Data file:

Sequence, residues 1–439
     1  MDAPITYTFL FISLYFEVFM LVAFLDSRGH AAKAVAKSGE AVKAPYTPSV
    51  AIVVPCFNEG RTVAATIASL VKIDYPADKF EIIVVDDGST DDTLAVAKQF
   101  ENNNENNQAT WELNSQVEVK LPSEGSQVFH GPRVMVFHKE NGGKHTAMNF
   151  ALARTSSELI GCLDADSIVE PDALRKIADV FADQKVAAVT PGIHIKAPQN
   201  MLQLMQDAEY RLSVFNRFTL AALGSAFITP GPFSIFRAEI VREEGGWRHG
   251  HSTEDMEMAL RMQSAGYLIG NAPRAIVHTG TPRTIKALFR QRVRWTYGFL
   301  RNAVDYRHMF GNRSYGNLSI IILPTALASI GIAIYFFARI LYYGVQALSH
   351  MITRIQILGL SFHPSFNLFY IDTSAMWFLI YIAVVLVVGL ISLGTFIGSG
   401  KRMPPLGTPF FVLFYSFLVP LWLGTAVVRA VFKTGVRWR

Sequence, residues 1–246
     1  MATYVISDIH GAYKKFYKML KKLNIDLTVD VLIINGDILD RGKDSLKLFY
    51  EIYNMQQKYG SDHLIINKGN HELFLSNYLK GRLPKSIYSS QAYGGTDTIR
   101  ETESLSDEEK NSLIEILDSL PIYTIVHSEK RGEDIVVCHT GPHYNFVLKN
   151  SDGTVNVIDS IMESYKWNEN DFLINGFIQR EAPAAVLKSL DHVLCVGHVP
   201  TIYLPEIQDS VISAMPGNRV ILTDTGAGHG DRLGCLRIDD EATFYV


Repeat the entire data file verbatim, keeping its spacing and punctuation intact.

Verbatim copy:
Sequence, residues 1–439
     1  MDAPITYTFL FISLYFEVFM LVAFLDSRGH AAKAVAKSGE AVKAPYTPSV
    51  AIVVPCFNEG RTVAATIASL VKIDYPADKF EIIVVDDGST DDTLAVAKQF
   101  ENNNENNQAT WELNSQVEVK LPSEGSQVFH GPRVMVFHKE NGGKHTAMNF
   151  ALARTSSELI GCLDADSIVE PDALRKIADV FADQKVAAVT PGIHIKAPQN
   201  MLQLMQDAEY RLSVFNRFTL AALGSAFITP GPFSIFRAEI VREEGGWRHG
   251  HSTEDMEMAL RMQSAGYLIG NAPRAIVHTG TPRTIKALFR QRVRWTYGFL
   301  RNAVDYRHMF GNRSYGNLSI IILPTALASI GIAIYFFARI LYYGVQALSH
   351  MITRIQILGL SFHPSFNLFY IDTSAMWFLI YIAVVLVVGL ISLGTFIGSG
   401  KRMPPLGTPF FVLFYSFLVP LWLGTAVVRA VFKTGVRWR

Sequence, residues 1–246
     1  MATYVISDIH GAYKKFYKML KKLNIDLTVD VLIINGDILD RGKDSLKLFY
    51  EIYNMQQKYG SDHLIINKGN HELFLSNYLK GRLPKSIYSS QAYGGTDTIR
   101  ETESLSDEEK NSLIEILDSL PIYTIVHSEK RGEDIVVCHT GPHYNFVLKN
   151  SDGTVNVIDS IMESYKWNEN DFLINGFIQR EAPAAVLKSL DHVLCVGHVP
   201  TIYLPEIQDS VISAMPGNRV ILTDTGAGHG DRLGCLRIDD EATFYV